What an interesting day. Most of you know I am into transparency, and feel there is a general lack of accountability by these same companies that are scorching the earth with a new transparency, and openness.  It is always curious to me that these companies that are changing the world to be less secretive and opaque are *precisely* just that.  But in my hawkwatching the ethical grey areas between social media as a communication tool, vs social media as a profitable business – I might have even crossed the line and suggested a wonderful hotel company, JDV, was part of this when they weren’t. Apologies to anyone that got caught up in that, and HATS OFF to Christa at JDV – a patient, professional, intelligent, and CLASSY woman, who took her time patiently educating me rather than giving me the “what fer” I likely deserved.  But it was collateral damage from friendly fighter in a great battle.

We, as technologists, hoteliers, and business people have a higher standard to live up to when it comes to ethics.  There are plenty of people that black hat or dip into the grey areas, but we don’t have that luxury as intellectual leaders and mentors to people learning the business.  We have to firmly entrench ourselves in crystal clear waters of ethical, transparent, accountable behavior.  Tripadvisor is getting into some of these grey areas in light of combatting those unethical people writing fake reviews.  They have been so beaten up in the press, it’s obvious they need to rigirously standardize and verify reviews.

Review Direct is their imperfect answer to that, and I think they should reconsider it.  When I have the option, our hotels would be absolutely nuts not to use it, whether it is a good or bad review that is published.  Some properties may not want to use it, as their product or services, condition, etc isn’t at that level yet.  But there are some serious ethical issues and liability concerns I have about the product.  So…

 

Dear Tripadvisor and Market Metrix (or the two people who read this blog, pass it along please):

 

Basically, here’s my concern:

 

Review Direct is basically Tripadvisor sanctioning “paying for more reviews”.  There’s *SO* many questions here: about marginalizing the equity of Market Metrix’s internal reviews, about unfair advantages within competitive markets that basically lead to gaming the popularity index, etc.

 

I know Tripadvisor needs to legitimize reviews, but this is the wrong way to go about it.  Beyond my concerns about any pilot hotels that were secretly allowed to pilot inside of markets, it seems an unfair advantage for hotels with marketing dollars vs the mom and pop that doesn’t have the money to pay for it.

 

Basically, a mom and pop hotel cannot post paper comment card guest reviews as a Tripadvisor review, but market metrix will automate that internal discussion onto a public forum, *FOR A FEE*.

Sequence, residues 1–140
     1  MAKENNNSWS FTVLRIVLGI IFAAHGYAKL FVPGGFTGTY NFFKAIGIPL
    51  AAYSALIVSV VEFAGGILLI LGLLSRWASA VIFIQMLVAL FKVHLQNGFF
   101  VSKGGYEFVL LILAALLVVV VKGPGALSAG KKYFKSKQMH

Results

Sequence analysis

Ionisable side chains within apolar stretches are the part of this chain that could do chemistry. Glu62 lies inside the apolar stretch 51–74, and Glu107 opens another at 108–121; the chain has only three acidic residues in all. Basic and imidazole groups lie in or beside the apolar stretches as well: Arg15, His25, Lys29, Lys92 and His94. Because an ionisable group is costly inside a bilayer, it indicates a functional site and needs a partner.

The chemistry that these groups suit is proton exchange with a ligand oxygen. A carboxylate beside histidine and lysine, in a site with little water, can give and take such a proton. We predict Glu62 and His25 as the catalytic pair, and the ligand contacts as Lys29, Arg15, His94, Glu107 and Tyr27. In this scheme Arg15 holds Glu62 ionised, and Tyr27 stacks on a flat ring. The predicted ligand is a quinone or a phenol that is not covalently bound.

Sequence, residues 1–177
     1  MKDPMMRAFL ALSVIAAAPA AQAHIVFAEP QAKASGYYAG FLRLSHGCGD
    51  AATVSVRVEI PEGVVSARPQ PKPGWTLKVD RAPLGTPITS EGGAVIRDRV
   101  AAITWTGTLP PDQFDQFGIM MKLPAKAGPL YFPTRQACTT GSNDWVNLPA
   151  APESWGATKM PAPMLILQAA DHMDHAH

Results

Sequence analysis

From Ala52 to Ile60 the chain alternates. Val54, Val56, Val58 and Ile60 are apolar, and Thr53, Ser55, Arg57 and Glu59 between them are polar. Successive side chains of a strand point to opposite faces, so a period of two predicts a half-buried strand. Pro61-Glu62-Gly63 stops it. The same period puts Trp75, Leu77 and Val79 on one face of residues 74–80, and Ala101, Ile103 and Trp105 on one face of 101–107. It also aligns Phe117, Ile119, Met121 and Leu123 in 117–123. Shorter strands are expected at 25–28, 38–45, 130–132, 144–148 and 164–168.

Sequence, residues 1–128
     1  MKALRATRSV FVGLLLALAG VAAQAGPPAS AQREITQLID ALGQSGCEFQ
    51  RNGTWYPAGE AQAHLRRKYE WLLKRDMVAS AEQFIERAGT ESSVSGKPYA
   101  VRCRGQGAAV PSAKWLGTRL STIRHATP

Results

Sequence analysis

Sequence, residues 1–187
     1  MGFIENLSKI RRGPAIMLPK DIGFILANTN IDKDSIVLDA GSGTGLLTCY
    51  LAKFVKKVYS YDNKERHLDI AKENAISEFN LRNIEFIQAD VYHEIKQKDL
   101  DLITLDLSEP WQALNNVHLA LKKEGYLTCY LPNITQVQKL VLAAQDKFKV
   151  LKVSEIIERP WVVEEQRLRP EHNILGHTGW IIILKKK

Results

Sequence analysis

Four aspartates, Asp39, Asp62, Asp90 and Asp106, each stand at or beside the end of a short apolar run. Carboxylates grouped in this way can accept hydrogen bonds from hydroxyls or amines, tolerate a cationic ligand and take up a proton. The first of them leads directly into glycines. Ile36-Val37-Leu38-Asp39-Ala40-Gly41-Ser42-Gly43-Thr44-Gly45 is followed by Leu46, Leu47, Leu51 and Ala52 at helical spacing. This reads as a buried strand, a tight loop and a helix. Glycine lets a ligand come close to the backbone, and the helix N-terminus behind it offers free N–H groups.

Not only does that point to competitive disadvantage, but there’s some serious legal liabilities as well.  It’s been well documented that higher Tripadvisor popularity rating equates to higher revenue, so couldn’t someone sue, saying that it is an uneven playing field, anti-competitive, etc? There could be monetary damages.  For our properties that remain at #1, we know it is worth $100K’s in revenue.  You may have bitten your own rear with all the obvious data collected that points to ranking and revenue.  If what determines popularity index is amount of reviews, how recent, and rating, aren’t you just gaming your own algorithm by finding a back door that increases number of reviews, *for a fee*?

 

It feels like a legal liability to a number of the parties involved.  I just don’t like it because I like a free market…. this should be rolled out to everyone, equally, immediately, at no price.  All hotel owners should be able to post verified comments and reviews… not just a few at a price.  I hate to think that social media or hospitality could fall victim to the unethical business practices on Wall Street or Capital Steps – it’s not how hard you work, how ethically you manage – it’s who you know and who you bribe.

 

But from a protectionist aspect, I would imagine there are some legal liabilities here that should be addressed before you have some ambulance chaser with dollar signs in their eyes.  There are some CRAZY unethical and penny pinching people in every business, and I would hate to see anyone sidelined by our “Sue Everybody” culture.  That’s not me…. you won’t find me near a lawyer. lol  Oh wait, all my friends. =)  But if Tripadvisor’s popularity index can be equated to revenue, then paying to increase your popularity seems very, *VERY* much a grey area.

 

Just my thoughts. I hate rabble rousing, but it’s something to consider for the benefit of both of your companies.  I know it’s a fast moving moment in human history, and missteps are brutal.  But I really don’t think you have considered this part of it.

 

Thanks for listening.

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